If you have an ACS member number, please enter it here so we can link this account to your membership. (optional)

ACS values your privacy. By submitting your information, you are gaining access to C&EN and subscribing to our weekly newsletter. We use the information you provide to make your reading experience better, and we will never sell your data to third party members.



An ACS member benefit: Volunteering with your local section

by Jason E. Ritchie, Chair, Local Section Activities Committee
November 2, 2019 | A version of this story appeared in Volume 97, Issue 43


Photo of Jason Ritchie and his daughter, Alex.
Credit: Courtesy of Jason Ritchie
Jason Ritchie and his daughter, Alex, prepare a 9-layer density tower in Alex's 5th-grade science class.

Volunteering with your American Chemical Society local section is a great way to build your professional network and develop transferable skills. By volunteering, you can improve your skills relevant to supervising a research group, managing a lab, leading a department, finding funding resources, or running a business.

ACS local section volunteers support their local sections by engaging in important tasks such as building teams by matching personal and professional interests and talents, seeking funding for innovative projects, planning events from start to finish, engaging in strategic planning, and finding and developing new leaders through coaching and feedback, all in a collaborative and collegial environment.

Many ACS local sections host formal meetings as an important recurring function of the section. These meetings may be scientific in nature, focus on professional development, or be some hybrid of the above with a more social theme.

Last year, for example, the Detroit Local Section sponsored a symposium on sustainable polymers that included a poster session highlighting students’ work in the polymer field and a networking event that enabled discussions between industry and academic speakers. The section won a ChemLuminary Award for its work.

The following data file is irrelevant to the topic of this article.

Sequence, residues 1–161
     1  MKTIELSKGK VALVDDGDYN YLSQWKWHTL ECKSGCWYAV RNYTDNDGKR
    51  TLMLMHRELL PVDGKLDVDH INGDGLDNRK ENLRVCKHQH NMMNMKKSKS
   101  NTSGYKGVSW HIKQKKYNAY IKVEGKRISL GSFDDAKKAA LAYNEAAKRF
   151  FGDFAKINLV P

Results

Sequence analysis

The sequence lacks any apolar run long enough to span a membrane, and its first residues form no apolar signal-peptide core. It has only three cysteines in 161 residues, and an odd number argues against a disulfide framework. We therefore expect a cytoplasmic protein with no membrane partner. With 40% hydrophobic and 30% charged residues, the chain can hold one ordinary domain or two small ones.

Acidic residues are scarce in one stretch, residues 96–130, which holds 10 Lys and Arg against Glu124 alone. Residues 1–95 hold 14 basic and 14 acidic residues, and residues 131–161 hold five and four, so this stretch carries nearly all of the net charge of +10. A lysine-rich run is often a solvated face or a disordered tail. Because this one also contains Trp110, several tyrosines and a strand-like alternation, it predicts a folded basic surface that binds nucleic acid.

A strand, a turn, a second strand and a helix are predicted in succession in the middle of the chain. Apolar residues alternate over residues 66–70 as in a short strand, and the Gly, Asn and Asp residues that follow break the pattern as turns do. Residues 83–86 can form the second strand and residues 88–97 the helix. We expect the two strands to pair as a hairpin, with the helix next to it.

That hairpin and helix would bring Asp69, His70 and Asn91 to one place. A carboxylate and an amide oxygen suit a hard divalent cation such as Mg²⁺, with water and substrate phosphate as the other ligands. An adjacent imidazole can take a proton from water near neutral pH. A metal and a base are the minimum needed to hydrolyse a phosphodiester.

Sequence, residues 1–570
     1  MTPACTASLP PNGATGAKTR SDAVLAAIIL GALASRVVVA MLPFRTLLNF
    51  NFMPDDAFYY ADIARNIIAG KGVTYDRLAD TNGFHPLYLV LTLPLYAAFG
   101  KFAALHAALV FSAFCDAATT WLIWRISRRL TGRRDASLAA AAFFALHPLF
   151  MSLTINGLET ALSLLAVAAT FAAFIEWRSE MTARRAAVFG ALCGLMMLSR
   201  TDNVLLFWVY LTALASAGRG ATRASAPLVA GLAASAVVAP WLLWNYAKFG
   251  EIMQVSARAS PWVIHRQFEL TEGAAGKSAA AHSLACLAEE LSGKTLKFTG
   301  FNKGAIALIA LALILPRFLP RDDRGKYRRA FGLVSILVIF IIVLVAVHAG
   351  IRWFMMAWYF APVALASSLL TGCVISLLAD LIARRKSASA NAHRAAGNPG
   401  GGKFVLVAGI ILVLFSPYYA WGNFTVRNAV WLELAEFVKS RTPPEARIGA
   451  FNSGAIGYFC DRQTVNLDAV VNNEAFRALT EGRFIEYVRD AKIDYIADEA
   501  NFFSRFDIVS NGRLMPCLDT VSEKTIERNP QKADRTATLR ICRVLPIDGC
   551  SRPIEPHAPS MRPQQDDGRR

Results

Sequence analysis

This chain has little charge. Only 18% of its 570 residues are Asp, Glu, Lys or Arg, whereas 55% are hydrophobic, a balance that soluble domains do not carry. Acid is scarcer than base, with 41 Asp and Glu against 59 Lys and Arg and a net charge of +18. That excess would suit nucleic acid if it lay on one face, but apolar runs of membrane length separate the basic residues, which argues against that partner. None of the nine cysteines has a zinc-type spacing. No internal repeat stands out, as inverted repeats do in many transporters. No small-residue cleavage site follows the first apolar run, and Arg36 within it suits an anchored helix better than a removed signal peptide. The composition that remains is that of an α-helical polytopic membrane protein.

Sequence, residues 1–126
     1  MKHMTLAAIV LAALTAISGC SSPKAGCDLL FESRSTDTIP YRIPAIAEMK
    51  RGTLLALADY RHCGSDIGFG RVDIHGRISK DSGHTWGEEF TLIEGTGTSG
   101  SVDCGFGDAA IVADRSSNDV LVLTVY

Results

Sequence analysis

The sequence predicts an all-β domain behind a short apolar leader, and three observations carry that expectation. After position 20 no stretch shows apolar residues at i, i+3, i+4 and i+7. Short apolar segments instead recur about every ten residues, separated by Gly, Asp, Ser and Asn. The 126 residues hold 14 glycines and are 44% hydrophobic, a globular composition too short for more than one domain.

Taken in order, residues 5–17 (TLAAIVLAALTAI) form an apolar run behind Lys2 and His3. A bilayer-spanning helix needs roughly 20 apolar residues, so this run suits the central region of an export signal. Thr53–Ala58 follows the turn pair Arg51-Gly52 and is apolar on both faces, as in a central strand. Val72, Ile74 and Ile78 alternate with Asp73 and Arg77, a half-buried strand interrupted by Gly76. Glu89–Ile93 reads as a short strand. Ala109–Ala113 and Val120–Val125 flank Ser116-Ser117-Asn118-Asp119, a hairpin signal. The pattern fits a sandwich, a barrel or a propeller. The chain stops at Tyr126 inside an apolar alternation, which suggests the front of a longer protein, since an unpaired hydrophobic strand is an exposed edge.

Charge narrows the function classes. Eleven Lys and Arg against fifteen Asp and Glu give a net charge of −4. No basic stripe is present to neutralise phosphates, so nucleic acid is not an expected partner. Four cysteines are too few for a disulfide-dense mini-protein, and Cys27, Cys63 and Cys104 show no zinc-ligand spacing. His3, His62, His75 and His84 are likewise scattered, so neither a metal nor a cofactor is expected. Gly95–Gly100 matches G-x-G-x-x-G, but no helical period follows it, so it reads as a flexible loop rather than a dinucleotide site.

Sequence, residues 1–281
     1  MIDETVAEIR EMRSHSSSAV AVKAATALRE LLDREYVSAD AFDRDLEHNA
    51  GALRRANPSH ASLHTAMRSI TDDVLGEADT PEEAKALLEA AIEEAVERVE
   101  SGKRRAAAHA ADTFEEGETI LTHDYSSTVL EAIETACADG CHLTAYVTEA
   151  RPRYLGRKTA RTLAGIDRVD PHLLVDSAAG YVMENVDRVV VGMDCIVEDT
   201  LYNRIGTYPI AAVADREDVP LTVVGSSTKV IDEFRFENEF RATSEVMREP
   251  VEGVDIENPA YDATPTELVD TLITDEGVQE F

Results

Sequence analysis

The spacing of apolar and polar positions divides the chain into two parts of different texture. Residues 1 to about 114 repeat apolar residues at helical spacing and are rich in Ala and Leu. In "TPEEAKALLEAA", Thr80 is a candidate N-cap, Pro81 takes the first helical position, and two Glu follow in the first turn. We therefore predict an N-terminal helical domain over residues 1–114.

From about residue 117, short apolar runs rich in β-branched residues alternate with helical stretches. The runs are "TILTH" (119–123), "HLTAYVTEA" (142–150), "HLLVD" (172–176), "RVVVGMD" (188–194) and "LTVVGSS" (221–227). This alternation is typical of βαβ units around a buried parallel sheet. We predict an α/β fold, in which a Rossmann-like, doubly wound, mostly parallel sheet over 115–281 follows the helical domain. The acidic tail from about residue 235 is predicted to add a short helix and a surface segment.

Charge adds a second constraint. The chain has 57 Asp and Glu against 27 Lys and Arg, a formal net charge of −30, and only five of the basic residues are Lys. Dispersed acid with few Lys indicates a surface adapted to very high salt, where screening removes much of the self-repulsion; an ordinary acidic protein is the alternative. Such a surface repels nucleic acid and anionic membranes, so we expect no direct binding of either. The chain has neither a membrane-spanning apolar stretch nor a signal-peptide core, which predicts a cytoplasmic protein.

The local section’s volunteers planned a large event, coordinated with other volunteers, and obtained funding. These are important skills that you can develop as a volunteer and then apply in the workplace to advance your career.

In addition to formal meetings, local sections frequently organize community outreach events around Chemists Celebrate Earth Week, National Chemistry Week, and ACS Science Cafés.

Outreach events are a wonderful way to reach the public, and they can also benefit the volunteers who organize and execute these exciting events.

For National Chemistry Week last year, the Binghamton Local Section organized an event at the Kopernik Observatory & Science Center. The event engaged the public in space chemistry with hands-on activities and gave attendees the chance to learn how the observatory studies chemistry, tour its three large telescopes, and take home some freeze-dried ice cream.

Outreach events are a wonderful way to reach the public, and they can also benefit the volunteers who organize and execute these exciting events. I’ve found that most volunteers really enjoy participating in events because they get to show off their love for chemistry. These events also present a unique opportunity for volunteers to establish personal and professional connections with other ACS members, local businesses, and community leaders.

In addition, volunteers improve their skills by working in collaborative teams, and they grow their confidence in organizing events. This helps local section members feel that they are an important part of the local section and that the local section is providing them a home for their professional needs and their desire to volunteer in the community.

If your local section has a strong academic component, you may have an opportunity to target local section programming to college and graduate student members and to recruit them to help organize outreach events for elementary and high school students. You might consider asking your student members to take a leadership role in planning programming specifically for younger chemists or to work on your local section’s National Chemistry Week or Chemists Celebrate Earth Week events.

Additionally, the Younger Chemists Committee and ACS Webinars have developed Program-in-a-Box offerings that make hosting a webinar event easy. The events are easy to organize, and many of the webinar topics are especially interesting to younger chemists.

I’ve found that our college and graduate student members are some of the best and most enthusiastic volunteers for outreach events for elementary and high school students in the community. Working with younger students on local section projects is beneficial for them, as it helps integrate them into the chemistry profession, and it can be a great way to pay it forward.

Asking students to take on an official role in organizing events gives them an opportunity to work in leadership roles in the local section, develop an appreciation for teamwork in education, and develop effective communication and teaching techniques.

There are many ways to get involved in your local section. I hope you consider taking advantage of this opportunity to use your ACS membership experience to your personal and professional advantage. If you have ideas, you can reach me at

Views expressed are those of the author and not necessarily those of C&EN or ACS.



This article has been sent to the following recipient:

Chemistry matters. Join us to get the news you need.